Essen 2018
– Image from spiel-messe.com

Deutscher Spiele Preis – 2018

This week the The Deutscher Spiele Preis, or German Game Prize list was announced with first prize going to Azul.  Typically the Deutsche Spiele Preis rewards a slightly heavier game than the the Spiel des Jahres awards, but for the first time since Dominion in 2009, one game took both awards.  This year we haven’t played many of the games on either list, but our first game of Azul was shortly after it’s release at Essen last year and our local groups have played the spots off it since.  So, it is no surprise to us that it has been recognised by both the Spiel des Jahres Jury and the voters from the industry’s stores, magazines, professionals and game clubs, as well as taking the French award at Cannes, the As d’Or and the Origins “Best Family Game of the Year”.

Azul
– Image used with permission of boardgamephotos

Other games that featured on the top ten list included the winner of the Kennerspiel des Jahres award, Die Quacksalber von Quedlinburg (currently only available in German) and one of the runners-up, Heaven & AleThe Mind, which received a nomination for the Spiel des Jahres Award, also featured in the top ten, as did the inevitable Pandemic Legacy: Season 2.  Other than Azul, the only game we’ve played is Altiplano, and that squeaked in at number ten, but Rajas of the Ganges and Clans of Caledonia may feature in the not too far distant future.  The Deutscher Spiele Preis for Best Children’s game went to Memoarrr!.  The prizes will be awarded at the International Spieltage, Essen.

Azul
– Image used with permission of
BGG contributor Vacabck

Spiel des Jahres Nominations 2018

Almost every time we’ve played Azul, the topic of conversation has moved on to the Spiel des Jahres and how it would be a travesty if it did not receive at least a nomination. It was with this in mind that we read the Spiel des Jahres nominations when they were announced this morning.  There are three nominees in each of the three awards:  a children’s game award (Kinderspiel des Jahres), the “Advanced” or “Expert” Kennerspiel des Jahres, and the main Spiel des Jahres (often interpreted as the “Family Game” award).  In addition, for the first time since 2010, there is also a special award for Pandemic Legacy: Season 2 by Matt Leacock & Rob Daviau, reflecting Pandemic, Forbidden Island and Pandemic Legacy: Season 1 that were all nominated, but failed to win a prize, and have had a significant influence on cooperative and legacy games as a whole.  The other nominees are:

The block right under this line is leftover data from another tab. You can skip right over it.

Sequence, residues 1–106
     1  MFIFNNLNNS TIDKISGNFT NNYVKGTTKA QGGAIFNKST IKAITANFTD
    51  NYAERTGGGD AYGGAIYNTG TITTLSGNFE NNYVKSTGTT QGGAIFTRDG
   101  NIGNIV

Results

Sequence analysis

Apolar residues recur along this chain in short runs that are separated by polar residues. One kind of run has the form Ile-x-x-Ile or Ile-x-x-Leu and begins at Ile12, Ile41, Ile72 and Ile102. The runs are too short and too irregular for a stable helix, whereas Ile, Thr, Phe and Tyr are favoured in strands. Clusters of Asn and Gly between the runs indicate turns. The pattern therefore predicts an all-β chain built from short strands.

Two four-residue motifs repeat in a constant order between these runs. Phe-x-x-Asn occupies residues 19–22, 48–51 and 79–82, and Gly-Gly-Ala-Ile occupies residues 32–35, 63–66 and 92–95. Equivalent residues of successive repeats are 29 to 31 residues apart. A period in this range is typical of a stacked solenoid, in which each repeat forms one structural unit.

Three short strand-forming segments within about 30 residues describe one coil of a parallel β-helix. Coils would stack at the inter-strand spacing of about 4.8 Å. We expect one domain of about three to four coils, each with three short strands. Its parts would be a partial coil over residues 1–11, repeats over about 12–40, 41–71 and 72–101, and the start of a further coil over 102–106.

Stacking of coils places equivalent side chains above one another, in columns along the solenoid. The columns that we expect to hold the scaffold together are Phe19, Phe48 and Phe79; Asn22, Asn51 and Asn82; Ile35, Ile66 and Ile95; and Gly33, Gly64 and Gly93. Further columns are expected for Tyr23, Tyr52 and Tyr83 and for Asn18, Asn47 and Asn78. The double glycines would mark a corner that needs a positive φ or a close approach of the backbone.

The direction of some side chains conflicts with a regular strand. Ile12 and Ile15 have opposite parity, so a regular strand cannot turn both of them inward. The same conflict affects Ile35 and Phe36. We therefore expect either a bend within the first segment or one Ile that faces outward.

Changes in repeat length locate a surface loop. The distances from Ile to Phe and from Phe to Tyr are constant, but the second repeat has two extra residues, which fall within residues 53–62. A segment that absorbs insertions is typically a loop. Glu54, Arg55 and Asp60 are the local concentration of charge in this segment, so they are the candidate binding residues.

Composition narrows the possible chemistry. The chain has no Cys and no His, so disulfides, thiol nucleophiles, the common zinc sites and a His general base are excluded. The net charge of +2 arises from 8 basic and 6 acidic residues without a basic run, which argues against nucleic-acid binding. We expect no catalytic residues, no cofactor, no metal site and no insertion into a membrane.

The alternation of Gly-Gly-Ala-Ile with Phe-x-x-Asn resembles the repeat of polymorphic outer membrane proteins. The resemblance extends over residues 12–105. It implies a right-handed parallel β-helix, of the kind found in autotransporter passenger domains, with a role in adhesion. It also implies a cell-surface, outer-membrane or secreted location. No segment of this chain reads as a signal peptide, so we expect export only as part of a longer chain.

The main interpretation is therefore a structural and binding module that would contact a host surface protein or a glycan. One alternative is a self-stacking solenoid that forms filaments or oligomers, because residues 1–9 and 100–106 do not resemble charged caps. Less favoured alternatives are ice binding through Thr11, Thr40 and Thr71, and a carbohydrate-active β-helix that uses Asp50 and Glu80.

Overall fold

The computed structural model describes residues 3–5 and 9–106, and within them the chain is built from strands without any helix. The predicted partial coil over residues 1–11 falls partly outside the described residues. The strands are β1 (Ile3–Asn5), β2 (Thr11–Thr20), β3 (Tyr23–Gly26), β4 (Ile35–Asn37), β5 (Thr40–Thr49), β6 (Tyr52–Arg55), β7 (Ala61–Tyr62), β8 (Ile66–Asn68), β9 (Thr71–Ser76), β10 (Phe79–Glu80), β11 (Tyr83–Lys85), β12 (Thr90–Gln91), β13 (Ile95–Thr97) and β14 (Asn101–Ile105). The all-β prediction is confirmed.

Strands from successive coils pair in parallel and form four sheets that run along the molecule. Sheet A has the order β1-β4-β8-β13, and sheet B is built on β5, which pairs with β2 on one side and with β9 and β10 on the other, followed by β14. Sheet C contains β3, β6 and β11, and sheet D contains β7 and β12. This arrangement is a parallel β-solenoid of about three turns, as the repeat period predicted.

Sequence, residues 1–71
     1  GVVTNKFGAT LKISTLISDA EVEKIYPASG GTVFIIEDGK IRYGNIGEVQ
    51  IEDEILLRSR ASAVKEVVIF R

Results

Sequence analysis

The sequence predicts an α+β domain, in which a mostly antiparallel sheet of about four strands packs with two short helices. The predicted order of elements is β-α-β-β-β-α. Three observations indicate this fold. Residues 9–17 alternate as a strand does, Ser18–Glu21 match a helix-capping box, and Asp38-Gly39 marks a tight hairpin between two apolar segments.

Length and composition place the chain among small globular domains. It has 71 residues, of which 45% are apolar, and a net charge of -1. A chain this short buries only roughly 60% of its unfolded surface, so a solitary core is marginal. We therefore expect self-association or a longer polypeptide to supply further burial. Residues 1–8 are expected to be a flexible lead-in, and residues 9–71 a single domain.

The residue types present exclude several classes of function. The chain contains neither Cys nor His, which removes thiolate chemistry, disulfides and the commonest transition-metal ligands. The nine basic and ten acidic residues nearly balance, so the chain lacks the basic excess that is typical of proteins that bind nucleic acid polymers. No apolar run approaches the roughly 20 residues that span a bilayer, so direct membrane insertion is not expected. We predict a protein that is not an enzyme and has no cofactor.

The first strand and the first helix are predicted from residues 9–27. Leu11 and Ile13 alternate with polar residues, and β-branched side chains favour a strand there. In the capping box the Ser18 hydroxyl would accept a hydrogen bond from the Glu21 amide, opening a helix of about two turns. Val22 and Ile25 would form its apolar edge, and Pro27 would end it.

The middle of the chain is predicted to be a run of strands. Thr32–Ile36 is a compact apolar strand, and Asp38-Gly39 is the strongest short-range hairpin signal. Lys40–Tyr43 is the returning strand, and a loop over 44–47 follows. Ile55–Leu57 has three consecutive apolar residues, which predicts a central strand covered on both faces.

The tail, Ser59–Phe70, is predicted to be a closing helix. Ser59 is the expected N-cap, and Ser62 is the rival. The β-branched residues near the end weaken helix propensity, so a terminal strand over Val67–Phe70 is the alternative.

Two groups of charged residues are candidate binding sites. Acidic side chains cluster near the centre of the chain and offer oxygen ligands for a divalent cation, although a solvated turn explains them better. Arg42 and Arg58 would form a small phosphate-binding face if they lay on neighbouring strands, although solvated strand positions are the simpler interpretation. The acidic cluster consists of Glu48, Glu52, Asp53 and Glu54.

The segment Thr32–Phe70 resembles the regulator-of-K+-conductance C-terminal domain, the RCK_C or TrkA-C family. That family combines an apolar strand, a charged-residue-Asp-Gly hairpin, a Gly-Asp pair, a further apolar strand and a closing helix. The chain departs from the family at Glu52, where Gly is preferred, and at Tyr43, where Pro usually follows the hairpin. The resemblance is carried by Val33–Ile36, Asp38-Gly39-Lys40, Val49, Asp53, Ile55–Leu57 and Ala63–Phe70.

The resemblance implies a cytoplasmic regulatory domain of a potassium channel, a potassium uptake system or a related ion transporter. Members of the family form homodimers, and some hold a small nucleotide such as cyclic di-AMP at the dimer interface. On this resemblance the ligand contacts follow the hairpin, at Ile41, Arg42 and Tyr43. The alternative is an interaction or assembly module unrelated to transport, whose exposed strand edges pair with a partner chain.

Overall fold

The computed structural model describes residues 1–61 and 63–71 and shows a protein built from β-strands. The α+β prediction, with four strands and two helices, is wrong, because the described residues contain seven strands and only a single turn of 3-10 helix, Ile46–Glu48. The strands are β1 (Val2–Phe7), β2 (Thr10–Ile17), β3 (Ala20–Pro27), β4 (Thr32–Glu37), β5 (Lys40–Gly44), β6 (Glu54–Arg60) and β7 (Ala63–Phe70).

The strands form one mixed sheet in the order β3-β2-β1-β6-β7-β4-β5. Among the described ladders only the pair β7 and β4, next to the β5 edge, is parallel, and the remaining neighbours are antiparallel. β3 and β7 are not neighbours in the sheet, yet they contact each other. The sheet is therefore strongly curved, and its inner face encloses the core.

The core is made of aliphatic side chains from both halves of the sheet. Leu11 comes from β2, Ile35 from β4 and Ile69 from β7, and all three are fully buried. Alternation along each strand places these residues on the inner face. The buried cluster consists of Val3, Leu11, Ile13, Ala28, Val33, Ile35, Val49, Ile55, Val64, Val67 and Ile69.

• Kinderspiel des Jahres
    Kinderspiel des Jahres 2018Emojito! by Urtis Šulinskas
    Funkelschatz (aka Dragon’s Breath) by Lena & Günter Burkhardt
    Panic Mansion (aka Shaky Manor) by Asger Harding Granerud & Daniel Skjold Pedersen
  • Spiel des Jahres
    Spiel des Jahres 2018Azul by Michael Kiesling
    Luxor by Rüdiger Dorn
    The Mind by Wolfgang Warsch

Firstly, more than half of the nominees were designed by either Wolfgang Warsch, or Michael Kiesling, so huge congratulations to them.  In our view, Azul richly deserves it’s nomination and it would be no surprise if it ultimately wins the award.  Of the other two nominations for the “red pöppel”, The Mind has received quite a lot of attention, and is a bit like a cross between Hanabi and The Game (both of which have been acknowledged by the Jury in the past, in 2013 and 2015 respectively).  Luxor has a good pedigree as it is designed by Rüdiger Dorn (also designer of The Traders of Genoa, Goa, Istanbul, and one of our group favourites, Las Vegas), but it is a bit more of an unknown as it has only just come out.  Usually the Kennerspiel Prize winners are a good fit to our group, but this year they are also largely unknown to us, so there is clearly a lot to discover before the winners are announced in Berlin on 23rd July (Kinderspiel des Jahres winners will be announced in Hamburg on 11th June).

Spiel des Jahres
– Image from spieldesjahres.de